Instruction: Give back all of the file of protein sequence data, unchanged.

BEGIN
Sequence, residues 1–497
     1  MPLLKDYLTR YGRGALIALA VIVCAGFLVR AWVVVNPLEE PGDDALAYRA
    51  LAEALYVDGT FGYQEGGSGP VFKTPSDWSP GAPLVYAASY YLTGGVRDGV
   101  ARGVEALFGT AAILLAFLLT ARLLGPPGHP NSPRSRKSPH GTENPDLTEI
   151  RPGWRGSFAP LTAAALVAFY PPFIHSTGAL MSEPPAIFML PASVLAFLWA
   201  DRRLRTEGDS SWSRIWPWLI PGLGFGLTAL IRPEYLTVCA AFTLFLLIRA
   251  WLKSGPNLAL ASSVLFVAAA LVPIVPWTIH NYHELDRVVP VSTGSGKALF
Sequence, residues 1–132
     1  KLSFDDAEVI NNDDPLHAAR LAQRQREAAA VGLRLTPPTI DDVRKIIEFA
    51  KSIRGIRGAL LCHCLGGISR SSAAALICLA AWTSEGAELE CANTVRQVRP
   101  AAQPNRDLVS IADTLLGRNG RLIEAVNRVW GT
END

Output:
Sequence, residues 1–497
     1  MPLLKDYLTR YGRGALIALA VIVCAGFLVR AWVVVNPLEE PGDDALAYRA
    51  LAEALYVDGT FGYQEGGSGP VFKTPSDWSP GAPLVYAASY YLTGGVRDGV
   101  ARGVEALFGT AAILLAFLLT ARLLGPPGHP NSPRSRKSPH GTENPDLTEI
   151  RPGWRGSFAP LTAAALVAFY PPFIHSTGAL MSEPPAIFML PASVLAFLWA
   201  DRRLRTEGDS SWSRIWPWLI PGLGFGLTAL IRPEYLTVCA AFTLFLLIRA
   251  WLKSGPNLAL ASSVLFVAAA LVPIVPWTIH NYHELDRVVP VSTGSGKALF
Sequence, residues 1–132
     1  KLSFDDAEVI NNDDPLHAAR LAQRQREAAA VGLRLTPPTI DDVRKIIEFA
    51  KSIRGIRGAL LCHCLGGISR SSAAALICLA AWTSEGAELE CANTVRQVRP
   101  AAQPNRDLVS IADTLLGRNG RLIEAVNRVW GT